Investment potential flows from water scarcity

A woman draws water from a communal pump in a village in the Indian state of Madhya Pradesh.
A woman draws water from a communal pump in a village in the Indian state of Madhya Pradesh.

The UN outlines private investment as a crucial pillar to meeting its goals in water supply and sanitation, alongside public money.

By Philippe Rohner

Published: Sun 27 Mar 2016, 11:00 PM

Last updated: Mon 28 Mar 2016, 9:07 AM

A united nations pledge to "ensure access to water and sanitation for all" by 2030 will create investment opportunities as governments liberalise the heavily regulated, state-controlled utilities industry and seek private sector partners to build infrastructure.
But the goal is also in danger of becoming merely an aspiration rather than an achievable target because, in its current form, it is too loosely defined to provide a credible framework for action by both private companies and the public sector.
The UN outlines private investment as a crucial pillar to meeting its goals in water supply and sanitation, alongside public money. Achieving universal coverage in safe drinking water and sanitation will require investing the equivalent of 0.1 per cent of global gross domestic product (GDP), or around $53 billion over five years.
The private sector plays a pivotal role in working alongside governments and international organisations. It opens up new opportunities for investors by fostering greater political will to liberalise the water sector, removing for example, regulations that have previously kept out many investors, such as price caps on water tariffs.
Pictet's investment instruments strategy allows investors to gain exposure to the investment opportunities available across the water industry. Our strategy is related to diverse range of water services stocks, companies which are well-placed to benefit from rising investment in global water infrastructure.
Risk-return profile
By combining investments in conservatively managed utilities with positions in companies that exhibit strong long-term growth potential, our strategy endeavours to achieve a risk-return profile that compares favourably with that of global equities.
The UN goal is part of 17 Sustainable Development Goals (SDG) outlined for member states to incorporate into policies, which highlight that inadequate infrastructure and dysfunctional economics cause the deaths of millions of people every year from diseases associated with inadequate water supply and sanitation. The SDGs form an ambitious successor to the Millennium Development Goals (MDG), launched in 2000. Most of the MDGs, which focused on cutting extreme poverty and boosting public health and education, have since been met, largely thanks to economic progress in China and India. But while the MDGs were limited to eight clearly defined targets, the new SDGs are more loosely formulated.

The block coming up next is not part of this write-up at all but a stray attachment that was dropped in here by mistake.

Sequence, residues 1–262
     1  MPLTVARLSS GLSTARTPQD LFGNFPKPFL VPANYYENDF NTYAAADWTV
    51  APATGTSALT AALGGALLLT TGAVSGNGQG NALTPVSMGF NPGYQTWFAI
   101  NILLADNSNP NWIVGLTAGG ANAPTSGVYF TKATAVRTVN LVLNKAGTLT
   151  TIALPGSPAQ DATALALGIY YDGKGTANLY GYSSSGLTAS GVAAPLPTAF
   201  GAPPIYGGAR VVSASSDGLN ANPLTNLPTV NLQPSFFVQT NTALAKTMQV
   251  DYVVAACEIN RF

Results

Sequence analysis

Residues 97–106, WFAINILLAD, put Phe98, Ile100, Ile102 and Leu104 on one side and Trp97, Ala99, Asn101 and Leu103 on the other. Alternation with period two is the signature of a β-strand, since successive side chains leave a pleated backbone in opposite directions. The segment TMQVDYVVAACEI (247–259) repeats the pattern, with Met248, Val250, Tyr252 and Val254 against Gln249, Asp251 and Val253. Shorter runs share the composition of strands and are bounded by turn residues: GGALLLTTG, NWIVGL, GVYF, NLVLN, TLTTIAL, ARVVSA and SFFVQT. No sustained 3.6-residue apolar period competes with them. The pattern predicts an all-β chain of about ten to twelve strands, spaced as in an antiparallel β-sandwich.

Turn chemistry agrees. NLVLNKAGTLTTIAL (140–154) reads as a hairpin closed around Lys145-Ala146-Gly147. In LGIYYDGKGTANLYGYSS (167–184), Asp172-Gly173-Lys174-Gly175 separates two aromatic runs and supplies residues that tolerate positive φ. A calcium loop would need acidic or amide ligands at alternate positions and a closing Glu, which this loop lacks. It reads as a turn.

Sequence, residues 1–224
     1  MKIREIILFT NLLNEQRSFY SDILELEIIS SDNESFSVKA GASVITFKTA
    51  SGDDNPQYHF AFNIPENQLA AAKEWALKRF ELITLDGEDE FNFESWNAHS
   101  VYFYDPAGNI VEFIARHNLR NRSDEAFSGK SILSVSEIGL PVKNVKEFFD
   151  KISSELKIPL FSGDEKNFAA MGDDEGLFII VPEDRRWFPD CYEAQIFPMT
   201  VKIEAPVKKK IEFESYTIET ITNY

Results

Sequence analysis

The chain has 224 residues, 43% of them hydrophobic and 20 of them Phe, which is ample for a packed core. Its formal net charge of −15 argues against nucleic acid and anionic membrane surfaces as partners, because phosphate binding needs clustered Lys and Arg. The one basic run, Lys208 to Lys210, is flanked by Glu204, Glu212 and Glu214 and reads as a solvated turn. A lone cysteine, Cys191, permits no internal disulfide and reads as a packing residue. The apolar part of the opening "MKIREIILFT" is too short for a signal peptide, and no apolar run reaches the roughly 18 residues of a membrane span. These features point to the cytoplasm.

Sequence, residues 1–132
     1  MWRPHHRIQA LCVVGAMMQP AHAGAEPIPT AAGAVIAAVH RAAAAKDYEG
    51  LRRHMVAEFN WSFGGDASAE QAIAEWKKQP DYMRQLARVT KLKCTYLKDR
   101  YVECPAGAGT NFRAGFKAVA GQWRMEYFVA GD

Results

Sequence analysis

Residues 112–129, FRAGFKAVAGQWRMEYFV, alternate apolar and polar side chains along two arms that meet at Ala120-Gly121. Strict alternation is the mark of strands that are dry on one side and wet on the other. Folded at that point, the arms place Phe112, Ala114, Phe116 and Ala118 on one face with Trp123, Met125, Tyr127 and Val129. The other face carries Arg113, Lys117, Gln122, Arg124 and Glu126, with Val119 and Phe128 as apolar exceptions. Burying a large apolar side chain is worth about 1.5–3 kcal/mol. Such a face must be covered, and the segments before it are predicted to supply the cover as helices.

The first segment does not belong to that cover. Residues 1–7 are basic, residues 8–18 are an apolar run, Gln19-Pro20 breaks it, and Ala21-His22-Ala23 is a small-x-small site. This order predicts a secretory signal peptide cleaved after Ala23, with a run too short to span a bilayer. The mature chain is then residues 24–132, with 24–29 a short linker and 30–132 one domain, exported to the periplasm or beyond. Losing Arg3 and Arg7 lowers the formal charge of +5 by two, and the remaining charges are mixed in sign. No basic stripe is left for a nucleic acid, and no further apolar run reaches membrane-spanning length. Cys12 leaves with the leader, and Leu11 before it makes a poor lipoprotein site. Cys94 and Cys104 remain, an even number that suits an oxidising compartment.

As well as the 17 goals, there are more than 100 sub-targets covering diverse areas such as gender equality and the environment.
Water industry experts believe this amounts to a weakness. The goals for water and sanitation are not focused enough, are too far-reaching and the sub goals give "a tick-box nature" to the overall target. A tactical plan is needed to move ahead and fund the changes needed.
Nevertheless, the UN goal pledges to "achieve universal and equitable access to safe and affordable drinking water for all" as well as "access to adequate and equitable sanitation and hygiene for all."
The challenges are considerable. The UN says 2.5 billion people - more than one third of the global population - live without basic sanitation facilities and 748 million lack access to an improved source of drinking water.
A principal obstacle to effective worldwide adoption of the goal is government inertia, particularly in the developing world. Real and effective action on the part of policymakers is unlikely until the issue of access to clean water and proper sanitation becomes a public health emergency. Industry experts believe it may need a major catastrophe in India or China to see change.
That's not to say governments and other agencies have not made considerable progress in recent years. Between 1990 and 2012, 2.3 billion people gained access to an improved drinking water source.
In a 2014 report, the UN highlights the example of Ethiopia where access to improved drinking water rose from 13 per cent of the population in 1990 to 52 per cent in 2012. Access to sanitation jumped from two per cent to 24 per cent. It attributed this achievement largely to strong political will, a robust education system which helped implement programmes aimed at ending practices such as open defecation and robust financial management.
But to achieve universal access as outlined in its development goals, the UN recognises there are institutional and financial constraints to alleviating the problem and is calling for "behavioural change" that can mobilise investment.
According to water industry experts, the number of people without access to safe water is between 1.5 and three billion, which shows the scale of the challenge. Therefore, the important thing from an investor viewpoint is to acknowledge a real problem rather than a hypothetical problem.
The writer is senior investment manager in thematic equities for Pictet Asset Management. Views expressed are his own and do not reflect the newspaper's policy.

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